I gave an example of how one of the projects at my current company tried converting C++ code to Java and how the performance was a lot slower compared to C++. Based on his reaction to my answer, he didn't seem too impressed. After my interview, I researched online about performance issues with Java, but didn't find anything useful.

Saying that in a Java interview... LOL you got some balls.That's like heresy. I mean we all know Java is slower compared to c++ but it's not what the interviewer wants to hear. Unless that program you were converting was doing stuff like game programming or intense CPU calculations (hundreds of thousands) then speed comparsions have proven to be negligable due to the massive improvements with JIT.

It might have just highlighted that you have inadequate programming skills...

Even GUI programs which use swing2d with native calls to the OS have proven to be equal/non significant now in speed.

Edited 2 Years Ago by iamthwee

Overall, I think you did pretty well on the interview questions, though you are correct that #9 could have been handled better, such as mentioning that GC in Java has a serious impact upon long-running applications without considerable effort to compartmentalize the GC domains or to provide object caches for frequently used/discarded types such as strings. We do a LOT of java programming in my company, both on mobile devices as well in our servers, and GC has ALWAYS been the biggest performance leech. Mostly that is due to the standard Java/Dalvik GC using mark-and-sweep algorithms which are by nature non-deterministic and unsuitable to hard real-time systems.

Edited 2 Years Ago by rubberman

1) "which do you use more". Since when are we in a popularity contest between interfaces and abstract base classes?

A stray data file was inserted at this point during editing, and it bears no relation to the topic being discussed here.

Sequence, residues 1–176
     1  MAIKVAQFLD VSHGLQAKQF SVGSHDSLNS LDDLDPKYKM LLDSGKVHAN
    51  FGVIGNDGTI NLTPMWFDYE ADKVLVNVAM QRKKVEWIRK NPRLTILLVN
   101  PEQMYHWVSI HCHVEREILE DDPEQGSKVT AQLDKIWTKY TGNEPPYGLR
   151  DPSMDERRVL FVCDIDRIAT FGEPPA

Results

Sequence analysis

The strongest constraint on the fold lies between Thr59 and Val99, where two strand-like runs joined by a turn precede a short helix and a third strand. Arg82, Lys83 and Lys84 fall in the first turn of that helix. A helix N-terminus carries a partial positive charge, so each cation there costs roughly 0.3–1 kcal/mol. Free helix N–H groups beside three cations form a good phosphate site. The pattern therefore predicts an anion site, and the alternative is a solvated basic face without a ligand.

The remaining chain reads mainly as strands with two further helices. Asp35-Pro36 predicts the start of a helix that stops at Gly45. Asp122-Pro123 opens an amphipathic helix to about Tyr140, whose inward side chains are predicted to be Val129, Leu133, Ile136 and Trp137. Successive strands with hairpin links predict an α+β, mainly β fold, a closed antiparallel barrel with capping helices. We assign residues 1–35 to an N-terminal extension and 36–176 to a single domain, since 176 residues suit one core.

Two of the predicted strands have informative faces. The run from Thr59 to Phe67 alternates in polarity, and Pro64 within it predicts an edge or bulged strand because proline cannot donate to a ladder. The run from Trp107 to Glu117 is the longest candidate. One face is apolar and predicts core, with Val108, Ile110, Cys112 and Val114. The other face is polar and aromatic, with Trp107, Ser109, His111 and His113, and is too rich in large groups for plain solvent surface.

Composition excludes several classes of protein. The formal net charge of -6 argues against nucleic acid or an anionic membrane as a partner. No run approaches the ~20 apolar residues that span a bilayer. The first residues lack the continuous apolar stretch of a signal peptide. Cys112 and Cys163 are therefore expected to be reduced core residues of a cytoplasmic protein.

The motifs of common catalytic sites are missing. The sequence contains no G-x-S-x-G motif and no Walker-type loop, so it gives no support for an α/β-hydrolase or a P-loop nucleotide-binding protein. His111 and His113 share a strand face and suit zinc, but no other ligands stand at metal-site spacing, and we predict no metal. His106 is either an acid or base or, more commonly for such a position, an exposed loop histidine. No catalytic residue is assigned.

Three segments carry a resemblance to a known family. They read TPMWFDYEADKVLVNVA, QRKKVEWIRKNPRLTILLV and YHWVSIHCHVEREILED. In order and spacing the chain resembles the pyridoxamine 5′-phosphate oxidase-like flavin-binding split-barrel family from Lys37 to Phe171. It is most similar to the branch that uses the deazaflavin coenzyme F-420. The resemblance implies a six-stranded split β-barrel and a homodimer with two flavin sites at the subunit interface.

2) implementation dependent. Wouldn't expected to need to know that in detail unless I'm to write a JVM.
8) "better" is relative to what you want to achieve...
9) last several years, none related to the language or platform, applications are generally faster than the networks and databases they rely on.

Not an interview that'd give me much confidence in the expertise of the people putting the questions together.

I always find it funny how interviews, which presumably are aimed at getting to know that you are not just a pedestrian CS student and that you have some real experience and insights, end up asking a bunch of pedestrian CS questions.

1) What's the difference between an abstract class and an interface? Which do you use more?

I don't care much about this, I'm primarily a C++ guy, and we don't make such a forced distinction (which exists only because of a language limitation in Java). I generally favor simple inheritance hierarchies and more reliance on composition than inheritance, and for those reasons, I use abstract base classes more than interfaces because they make more sense in that kind of structure. The use of interfaces encourages the creation of monolithic classes with too many disparate functionality and purposes. I prefer the composition of nuclear objects of classes with simple-and-flat inheritance and a single, well-defined purpose.